25 August 2019
A three-day exhibition on Deng Xiaoping opened in Hong Kong as China commemorates the 110th birth anniversary of its former paramount leader. Photo: HKEJ
A three-day exhibition on Deng Xiaoping opened in Hong Kong as China commemorates the 110th birth anniversary of its former paramount leader. Photo: HKEJ

Deng Xiaoping exhibition sidesteps Tiananmen incident

Hong Kong saw a major exhibition open Thursday to commemorate the life and times of Deng Xiaoping, China’s former paramount leader who steered the country into the economic reforms path. 

Featuring more than 400 photographs as well as personal memorabilia, the exhibition was organized by some Chinese Communist Party and government entities and a Hong Kong-based pro-Beijing newspaper. 

The three-day event came as Friday marks the 110th birth anniversary of Deng, who led China from 1978 to 1992 at a critical time after Mao Zedong’s death in 1976.

The photos try to capture important moments in Deng’s life and his stewardship of China, but barely touch up on the controversial June 4, 1989 crackdown on pro-democracy activists in Beijing.

In fact, even in the few photos — taken on June 9, 1989, five days after the Tiananmen crackdown — that relate to the subject, observers noted mis-captioning and efforts to downplay the incident.

For one photo, the English caption read: “Deng delivers a speech to officers with a rank of general or above in command of the troops enforcing martial law in Beijing”. The Chinese caption, meanwhile, just said that Deng was dealing with “political disturbance at home and abroad”. 

The pictures marked the first time that Deng showed up in public up after the crackdown on student protesters.

The exhibition featured some more pictures taken in 1989, but they were more about Deng asking the party to deal with the corruption problem.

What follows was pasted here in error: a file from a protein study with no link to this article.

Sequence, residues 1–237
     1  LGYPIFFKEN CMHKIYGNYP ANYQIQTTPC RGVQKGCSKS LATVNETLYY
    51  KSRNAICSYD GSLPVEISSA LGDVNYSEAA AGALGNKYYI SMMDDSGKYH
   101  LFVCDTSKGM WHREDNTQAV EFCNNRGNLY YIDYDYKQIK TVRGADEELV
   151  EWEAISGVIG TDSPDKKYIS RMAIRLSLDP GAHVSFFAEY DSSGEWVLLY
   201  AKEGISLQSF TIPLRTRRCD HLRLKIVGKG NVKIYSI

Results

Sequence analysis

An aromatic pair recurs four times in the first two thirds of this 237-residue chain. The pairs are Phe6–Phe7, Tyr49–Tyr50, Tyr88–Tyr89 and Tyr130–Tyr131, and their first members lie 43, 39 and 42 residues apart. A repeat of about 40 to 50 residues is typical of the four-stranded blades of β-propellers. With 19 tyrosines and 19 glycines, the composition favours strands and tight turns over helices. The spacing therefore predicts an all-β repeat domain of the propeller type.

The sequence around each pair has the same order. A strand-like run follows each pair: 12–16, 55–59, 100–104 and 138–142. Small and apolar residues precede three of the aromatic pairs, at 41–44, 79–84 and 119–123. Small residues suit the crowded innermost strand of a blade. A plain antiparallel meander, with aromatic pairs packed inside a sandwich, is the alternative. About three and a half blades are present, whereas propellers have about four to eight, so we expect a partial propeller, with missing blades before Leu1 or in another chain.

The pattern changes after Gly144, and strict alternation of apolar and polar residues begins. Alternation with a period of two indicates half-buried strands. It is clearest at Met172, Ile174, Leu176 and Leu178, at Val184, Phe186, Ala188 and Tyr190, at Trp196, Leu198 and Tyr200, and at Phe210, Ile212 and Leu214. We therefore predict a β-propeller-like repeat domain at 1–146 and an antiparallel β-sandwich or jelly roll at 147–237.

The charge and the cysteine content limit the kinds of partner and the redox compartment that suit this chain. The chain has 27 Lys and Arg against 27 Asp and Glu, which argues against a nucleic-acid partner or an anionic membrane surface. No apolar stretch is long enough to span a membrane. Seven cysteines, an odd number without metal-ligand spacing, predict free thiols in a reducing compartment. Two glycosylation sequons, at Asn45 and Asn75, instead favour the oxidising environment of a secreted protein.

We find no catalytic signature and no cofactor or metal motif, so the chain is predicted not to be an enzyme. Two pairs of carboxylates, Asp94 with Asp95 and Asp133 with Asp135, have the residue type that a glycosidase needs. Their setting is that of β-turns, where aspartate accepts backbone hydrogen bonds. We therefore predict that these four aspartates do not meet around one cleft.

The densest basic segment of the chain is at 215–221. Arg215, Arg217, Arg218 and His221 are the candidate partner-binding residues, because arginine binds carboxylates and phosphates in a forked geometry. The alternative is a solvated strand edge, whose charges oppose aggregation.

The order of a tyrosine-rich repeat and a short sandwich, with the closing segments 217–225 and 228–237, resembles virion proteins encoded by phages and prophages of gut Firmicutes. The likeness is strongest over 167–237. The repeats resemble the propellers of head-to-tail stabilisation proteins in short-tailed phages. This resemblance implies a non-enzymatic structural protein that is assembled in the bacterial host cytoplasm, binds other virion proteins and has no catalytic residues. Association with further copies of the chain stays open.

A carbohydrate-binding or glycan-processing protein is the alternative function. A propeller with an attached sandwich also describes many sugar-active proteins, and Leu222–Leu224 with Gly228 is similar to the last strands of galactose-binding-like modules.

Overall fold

Deng is believed to have been the one who gave the go-ahead to the army and tanks to clear the Tiananmen Square of protesters. Estimates of the death toll in the crackdown range from a few hundred to a few thousand.

Some sections in the exhibition seek to tell the story of Deng’s work for Hong Kong, as he was the one who formulated the “one country two systems” principle. There are also pictures capturing his meetings with officials such as former British Prime Minister Margaret Thatcher and former Hong Kong colonial governor Murray MacLehose.

Overall, the photo captions echo the official line of the central government, emphasizing that “patriotism” and “stability” are the key components of “Hong Kong people running Hong Kong”. A video clip showed at the exhibition points out that having a People’s Liberation Army unit in Hong Kong helps protect the city from potential threats and chaos.

Ming Pao Daily quoted former Zhuhai mayor Liang Guangdai as saying that the June 4 incident is not embarrassing and people should not avoid it.

The exhibition opened to the public at 11 am Thursday. Tung Chee-hwa, vice Chairman of the Chinese People’s Political Consultative Council, and two daughters of Deng Xiaoping — Deng Rong and Deng Lin — attended the opening ceremony, besides a host of Chinese and Hong Kong officials.

The exhibition comprises seven parts, starting from the May Fourth Movement — an anti-imperialist, cultural, and political movement that grew out of student demonstrations in Beijing on May 4, 1919 – and covering various aspects of Deng’s life ranging from his military experience, family life and senior years.

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